Case study of Argentinian Superior Tribunal of Justice litigation settlement related to the case of ACIJ v the City of Buenos Aires. Though the Constitution of the City of Buenos Aires establishes a duty for the city government to provide all children over 45 days old with access to education, since at least 2002 thousands of children were denied early education. Civil society organisation ACIJ successfully used budget analysis and strategic litigation to pressure the city government to meet its obligation to its children.
This is a background paper prepared for the International Forum on inclusion and equity in education – every learner matters, held in Cali, Colombia in September 2019. Its objectives are to outline the rationale for working on inclusive early childhood care and education (ECCE) for the promotion of inclusion and equity, and to analyse the trends, achievements and challenges concerning inclusive ECCE.
This consultation sought to find out to what extent and how discrimination is perceived by relevant stakeholders, in education institutions in Brazil, Peru and Colombia, and to investigate how discriminatory practices have an impact on children.
La investigación tiene como punto de partida la visión de los niños y las niñas como sujetos de derecho y la concreción de los derechos enunciados en la Convención sobre los Derechos del Niño (CDN) de la ONU, así como la promoción de un enfoque coordinado, integral y multisectorial de la primera infancia. Ratificando que la educación es un derecho humano fundamental desde el nacimiento, el estudio analiza los sentidos que se le otorgan a la atención y educación en la primera infancia (AEPI) en los marcos políticos y legislativos de América Latina y el Caribe.
This document is the executive summary of the study on the right to education and care in early childhood: perspectives from Latin America and the Caribbean. The study focused on the analysis of national legislations and public policies in force (particularly general education laws) in 10 countries of the region (Mexico, Cuba, Dominican Republic, Costa Rica, El Salvador, Honduras, Argentina, Bolivia, Brazil and Colombia) and shares understandings of existing early childhood education policies and legislation, as well as financing and justiciability processes, identifying progress and also challenges involved in the realisation of the human right to education of young children. At the same time, it seeks to understand how the principles and purpose of education enshrined in the Convention on the Rights of the Child and its associated General Comments, appear in those education public policies and legislations.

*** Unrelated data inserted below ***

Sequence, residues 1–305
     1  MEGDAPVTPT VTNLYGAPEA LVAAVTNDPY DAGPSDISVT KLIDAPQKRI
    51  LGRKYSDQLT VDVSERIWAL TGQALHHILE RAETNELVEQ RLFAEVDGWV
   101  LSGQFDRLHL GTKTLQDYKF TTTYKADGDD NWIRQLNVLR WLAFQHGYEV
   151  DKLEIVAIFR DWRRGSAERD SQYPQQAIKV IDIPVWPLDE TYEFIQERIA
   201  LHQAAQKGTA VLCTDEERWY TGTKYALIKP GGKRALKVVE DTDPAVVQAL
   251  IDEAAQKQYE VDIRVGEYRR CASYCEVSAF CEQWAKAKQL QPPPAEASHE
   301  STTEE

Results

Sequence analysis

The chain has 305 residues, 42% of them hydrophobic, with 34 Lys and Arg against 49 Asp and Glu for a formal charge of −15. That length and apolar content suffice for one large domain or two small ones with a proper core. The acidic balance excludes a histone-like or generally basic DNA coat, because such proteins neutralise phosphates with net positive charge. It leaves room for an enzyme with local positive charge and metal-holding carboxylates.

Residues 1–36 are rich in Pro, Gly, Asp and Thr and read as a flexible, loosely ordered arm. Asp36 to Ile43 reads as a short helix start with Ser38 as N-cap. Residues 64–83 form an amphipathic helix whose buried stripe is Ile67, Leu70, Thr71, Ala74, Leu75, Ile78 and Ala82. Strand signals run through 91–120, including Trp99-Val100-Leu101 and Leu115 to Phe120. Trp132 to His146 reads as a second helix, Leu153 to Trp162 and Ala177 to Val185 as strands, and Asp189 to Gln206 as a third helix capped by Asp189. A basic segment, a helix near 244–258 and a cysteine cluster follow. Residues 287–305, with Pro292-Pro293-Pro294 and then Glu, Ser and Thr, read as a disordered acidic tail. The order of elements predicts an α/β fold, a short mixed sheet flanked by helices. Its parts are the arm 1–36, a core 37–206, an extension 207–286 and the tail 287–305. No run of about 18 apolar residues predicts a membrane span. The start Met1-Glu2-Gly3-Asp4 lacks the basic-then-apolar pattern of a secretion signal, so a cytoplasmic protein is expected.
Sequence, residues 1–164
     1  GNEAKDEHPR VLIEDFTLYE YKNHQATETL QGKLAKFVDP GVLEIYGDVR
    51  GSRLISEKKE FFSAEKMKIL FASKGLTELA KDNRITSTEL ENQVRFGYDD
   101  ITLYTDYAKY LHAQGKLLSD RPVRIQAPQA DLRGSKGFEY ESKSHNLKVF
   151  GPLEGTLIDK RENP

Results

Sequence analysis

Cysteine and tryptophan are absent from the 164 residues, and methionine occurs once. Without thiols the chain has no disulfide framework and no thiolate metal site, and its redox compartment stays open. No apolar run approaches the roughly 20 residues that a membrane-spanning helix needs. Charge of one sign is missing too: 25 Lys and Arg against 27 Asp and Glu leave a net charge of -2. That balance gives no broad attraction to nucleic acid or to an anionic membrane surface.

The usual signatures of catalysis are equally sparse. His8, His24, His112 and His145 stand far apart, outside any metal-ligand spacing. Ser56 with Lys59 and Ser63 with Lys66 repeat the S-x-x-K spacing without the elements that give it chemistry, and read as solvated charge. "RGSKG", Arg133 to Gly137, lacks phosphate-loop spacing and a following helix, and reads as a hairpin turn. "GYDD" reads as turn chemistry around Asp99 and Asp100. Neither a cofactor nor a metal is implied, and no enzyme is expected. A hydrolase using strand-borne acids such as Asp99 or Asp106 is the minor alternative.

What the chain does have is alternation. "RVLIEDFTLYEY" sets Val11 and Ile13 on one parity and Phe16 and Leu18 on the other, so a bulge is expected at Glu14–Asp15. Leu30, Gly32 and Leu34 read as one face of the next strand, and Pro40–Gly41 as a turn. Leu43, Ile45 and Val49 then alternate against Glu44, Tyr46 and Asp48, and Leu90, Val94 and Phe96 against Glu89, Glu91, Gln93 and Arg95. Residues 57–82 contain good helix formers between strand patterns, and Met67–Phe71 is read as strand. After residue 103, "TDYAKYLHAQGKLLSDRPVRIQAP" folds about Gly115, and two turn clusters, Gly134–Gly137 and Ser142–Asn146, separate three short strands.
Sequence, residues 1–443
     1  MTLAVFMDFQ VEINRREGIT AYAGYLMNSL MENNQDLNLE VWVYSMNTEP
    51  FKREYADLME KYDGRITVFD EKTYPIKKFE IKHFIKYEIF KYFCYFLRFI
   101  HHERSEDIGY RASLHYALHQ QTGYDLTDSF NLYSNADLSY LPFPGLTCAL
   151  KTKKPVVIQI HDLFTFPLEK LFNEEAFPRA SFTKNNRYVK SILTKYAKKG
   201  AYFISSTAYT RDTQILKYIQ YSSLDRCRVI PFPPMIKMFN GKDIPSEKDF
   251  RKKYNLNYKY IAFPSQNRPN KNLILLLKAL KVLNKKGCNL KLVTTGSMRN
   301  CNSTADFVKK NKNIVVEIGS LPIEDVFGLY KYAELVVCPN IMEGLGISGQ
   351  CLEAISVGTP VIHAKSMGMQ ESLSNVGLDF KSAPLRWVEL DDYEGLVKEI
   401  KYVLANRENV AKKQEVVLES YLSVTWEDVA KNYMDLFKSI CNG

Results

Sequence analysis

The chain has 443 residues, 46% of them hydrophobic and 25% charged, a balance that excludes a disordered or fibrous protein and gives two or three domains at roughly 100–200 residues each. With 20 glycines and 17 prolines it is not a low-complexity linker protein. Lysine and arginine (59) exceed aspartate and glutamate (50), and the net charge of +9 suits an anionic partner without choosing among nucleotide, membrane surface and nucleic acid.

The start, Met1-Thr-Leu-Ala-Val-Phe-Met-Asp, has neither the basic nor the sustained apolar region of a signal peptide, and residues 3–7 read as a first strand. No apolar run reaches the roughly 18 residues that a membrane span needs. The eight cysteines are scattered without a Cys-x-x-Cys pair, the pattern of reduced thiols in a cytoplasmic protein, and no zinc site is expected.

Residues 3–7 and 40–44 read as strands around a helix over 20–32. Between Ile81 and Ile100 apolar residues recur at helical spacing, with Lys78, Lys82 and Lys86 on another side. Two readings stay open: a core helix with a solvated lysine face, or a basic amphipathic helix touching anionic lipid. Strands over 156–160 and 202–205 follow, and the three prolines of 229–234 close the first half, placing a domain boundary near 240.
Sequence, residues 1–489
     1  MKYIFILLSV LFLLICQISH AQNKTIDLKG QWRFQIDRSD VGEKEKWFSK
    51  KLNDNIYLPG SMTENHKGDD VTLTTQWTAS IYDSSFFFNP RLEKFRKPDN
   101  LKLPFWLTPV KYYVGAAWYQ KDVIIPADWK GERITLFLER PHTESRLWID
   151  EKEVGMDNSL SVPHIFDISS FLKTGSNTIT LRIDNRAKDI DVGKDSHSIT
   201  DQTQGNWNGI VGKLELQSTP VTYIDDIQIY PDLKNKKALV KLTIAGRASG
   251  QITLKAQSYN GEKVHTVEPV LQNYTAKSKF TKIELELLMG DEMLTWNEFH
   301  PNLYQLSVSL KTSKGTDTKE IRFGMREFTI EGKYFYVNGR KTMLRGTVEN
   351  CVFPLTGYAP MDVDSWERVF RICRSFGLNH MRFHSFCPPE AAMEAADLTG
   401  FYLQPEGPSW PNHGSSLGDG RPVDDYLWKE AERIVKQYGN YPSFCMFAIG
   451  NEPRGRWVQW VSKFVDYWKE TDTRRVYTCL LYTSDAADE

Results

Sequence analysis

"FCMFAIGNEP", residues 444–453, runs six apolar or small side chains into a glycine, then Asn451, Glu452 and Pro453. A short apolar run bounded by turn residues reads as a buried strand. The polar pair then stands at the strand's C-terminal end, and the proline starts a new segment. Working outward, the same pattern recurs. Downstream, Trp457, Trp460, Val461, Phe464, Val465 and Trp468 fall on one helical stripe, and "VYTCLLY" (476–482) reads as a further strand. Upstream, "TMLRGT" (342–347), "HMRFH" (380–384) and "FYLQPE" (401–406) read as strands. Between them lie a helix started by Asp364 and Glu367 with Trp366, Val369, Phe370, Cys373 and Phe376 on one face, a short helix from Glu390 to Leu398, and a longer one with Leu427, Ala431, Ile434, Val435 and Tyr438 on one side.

While data on attacks on education has become more widely available thanks to better awareness and efforts by national and international organizations and monitoring bodies, critical data gaps remain. Reporting systems may be absent, weak, or disconnected from effective responses to attacks on education. Monitors, as well as victims and witnesses, may face threats to their safety, or insecurity may prevent monitors from accessing areas where attacks occur. As such, many attacks and incidents of military use go unreported, undermining efforts to calculate their prevalence.
Even when reporting mechanisms exist, data is not often disaggregated by gender, age, location, type of attack, or perpetrator. Violations such as child recruitment and sexual violence by armed forces or armed groups at, or en route to, school often go underreported. The impacts of attacks on education and military use – such as school days lost, drop-outs, and school closures – remain difficult to calculate due to such gaps. And even when data collection occurs regularly, its analysis and reporting do not always occur at regular intervals.
The following pages comprise a comprehensive Toolkit for Collecting and Analyzing Data on Attacks on Education which addresses the abovementioned gaps in data collection; promotes inter-sectoral collaboration on data collection, analysis, and reporting; and strengthens and harmonizes definitions and concepts related to attacks on education.
The Latin American Campaign for the Right to Education (CLADE, by its Spanish acronym) is a pluralistic network of civil society organizations with a presence in 18 countries in Latin America and the Caribbean, which promotes social mobilization and political advocacy to defend the human right to education. This collection of articles, essays and statements reflect on the vital role of public education in the region and the fault lines exposed by the pandemic, considering both the challenges public education in Latin America faces and possible solutions, alternatives and ways forward.